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Take a look at the sample XML below--

<div id="main">
    <div id="1">
        Some random text
    </div>
    <div id="2">
        Some random text
    </div>
    <div id="3">
        Some random text
    </div>
    <p> Some more random text</p>
    <div id="4">
        Some random text
    </div>
</div>

Now, how do I find out the number of divs within the main div using Xquery? And how to do this in XPath?

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2 Answers 2

up vote 3 down vote accepted

You can use the following XPath:

count(div[@id="main"]/div)

The function count does the counting, the main div is selected by its id.

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This only produces correct result if all of the following conditions are true: 1. The initial context node is a parent of a div with id='main'; 2. There are no nested div elements that are descendants of the "main" div; 3. There is a single div in the document that has id='main'. While condition 3 is usually satisfied in an XHTML document (though this cannot be guaranteed), conditions 1. and 2. can be generally false. –  Dimitre Novatchev Sep 4 '12 at 13:18
1  
@DimitreNovatchev: I am trying to help, not to do someone else's work :-) –  choroba Sep 4 '12 at 13:53

The XPath expressions below can be used both in XPath and XQuery. This is so, because XPath (2.0) is a proper subset of XQuery.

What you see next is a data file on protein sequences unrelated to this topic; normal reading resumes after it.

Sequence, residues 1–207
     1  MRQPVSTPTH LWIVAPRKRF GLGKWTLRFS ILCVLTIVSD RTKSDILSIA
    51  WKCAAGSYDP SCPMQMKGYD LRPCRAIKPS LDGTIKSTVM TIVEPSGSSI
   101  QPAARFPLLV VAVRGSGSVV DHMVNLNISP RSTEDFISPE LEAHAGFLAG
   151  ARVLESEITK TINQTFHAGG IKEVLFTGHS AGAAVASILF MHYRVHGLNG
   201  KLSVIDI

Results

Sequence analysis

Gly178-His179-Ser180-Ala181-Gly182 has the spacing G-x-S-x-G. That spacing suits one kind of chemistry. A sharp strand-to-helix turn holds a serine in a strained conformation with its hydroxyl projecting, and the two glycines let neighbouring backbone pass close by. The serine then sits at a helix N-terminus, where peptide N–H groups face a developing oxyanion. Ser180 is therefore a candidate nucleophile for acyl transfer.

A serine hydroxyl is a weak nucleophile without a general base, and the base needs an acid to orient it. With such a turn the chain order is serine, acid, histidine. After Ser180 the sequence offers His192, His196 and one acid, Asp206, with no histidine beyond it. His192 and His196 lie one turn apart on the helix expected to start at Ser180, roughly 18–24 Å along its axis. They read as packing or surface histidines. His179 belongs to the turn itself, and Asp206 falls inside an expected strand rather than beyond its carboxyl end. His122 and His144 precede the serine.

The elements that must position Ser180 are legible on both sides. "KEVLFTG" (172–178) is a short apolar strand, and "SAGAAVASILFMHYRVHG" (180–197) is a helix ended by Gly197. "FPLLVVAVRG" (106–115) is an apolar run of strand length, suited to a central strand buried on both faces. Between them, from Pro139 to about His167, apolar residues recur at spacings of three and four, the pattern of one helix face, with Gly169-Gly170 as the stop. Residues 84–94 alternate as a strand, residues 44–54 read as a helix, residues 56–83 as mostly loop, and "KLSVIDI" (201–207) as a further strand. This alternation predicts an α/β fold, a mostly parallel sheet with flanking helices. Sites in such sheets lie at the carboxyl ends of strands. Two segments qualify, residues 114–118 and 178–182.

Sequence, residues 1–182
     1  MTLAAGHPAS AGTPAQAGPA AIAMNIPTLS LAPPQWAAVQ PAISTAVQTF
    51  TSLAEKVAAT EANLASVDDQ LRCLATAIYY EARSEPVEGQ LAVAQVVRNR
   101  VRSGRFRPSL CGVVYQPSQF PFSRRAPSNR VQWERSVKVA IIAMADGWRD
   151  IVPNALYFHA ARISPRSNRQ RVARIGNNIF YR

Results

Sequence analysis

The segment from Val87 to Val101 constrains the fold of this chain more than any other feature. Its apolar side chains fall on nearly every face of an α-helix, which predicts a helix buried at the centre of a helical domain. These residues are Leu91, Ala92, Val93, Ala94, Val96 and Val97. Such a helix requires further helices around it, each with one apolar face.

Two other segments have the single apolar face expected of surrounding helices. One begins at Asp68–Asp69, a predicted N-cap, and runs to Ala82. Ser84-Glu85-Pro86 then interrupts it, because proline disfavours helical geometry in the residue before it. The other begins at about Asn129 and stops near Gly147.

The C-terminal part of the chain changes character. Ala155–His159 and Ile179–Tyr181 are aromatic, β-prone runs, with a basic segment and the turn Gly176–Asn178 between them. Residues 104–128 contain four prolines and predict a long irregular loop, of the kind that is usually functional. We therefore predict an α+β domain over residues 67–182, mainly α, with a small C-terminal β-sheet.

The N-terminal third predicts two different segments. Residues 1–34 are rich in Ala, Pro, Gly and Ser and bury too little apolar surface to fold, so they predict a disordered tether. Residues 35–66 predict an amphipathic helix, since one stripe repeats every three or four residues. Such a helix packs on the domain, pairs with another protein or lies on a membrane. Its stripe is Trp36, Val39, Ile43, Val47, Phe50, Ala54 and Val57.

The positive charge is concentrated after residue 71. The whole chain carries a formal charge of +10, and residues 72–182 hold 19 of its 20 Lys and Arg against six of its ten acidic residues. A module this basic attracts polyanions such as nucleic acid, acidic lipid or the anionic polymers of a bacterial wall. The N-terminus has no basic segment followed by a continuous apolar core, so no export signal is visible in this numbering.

Use:

count(/*//div)

If "the main div" isn't the top element of the XML document, and this is the only div whose id attribute has string value of "main", use:

count((//div[@id='main'])[1]//div)

If it is guaranteed that the div children of the "main div" dont have div descendents, use:

count((//div[@id='main'])[1]/div)

Do note: The XPath pseudo-operator // can be very inefficient -- this is why, always try to avoid using it, whenever the structure of the XML document is statically known and specific paths can be used.

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Should be the answer as OP specified "descendants" rather than direct childnodes. –  smerny Apr 18 '13 at 18:06
    
@smerny, There aren't any "direct childnodes" specified in any of the expressions in this answer. Where do you see such? –  Dimitre Novatchev Apr 18 '13 at 20:38
    
I said that your answer should be the selected one (I used it myself for my similar issue). I explained that the reason that I believe this is because the original post asked specifically for "descendant nodes" rather than only direct childnodes (as the selected answer would get). I posted this in case other people like me come to this expecting the answer to do what the question asked. –  smerny Apr 18 '13 at 23:44

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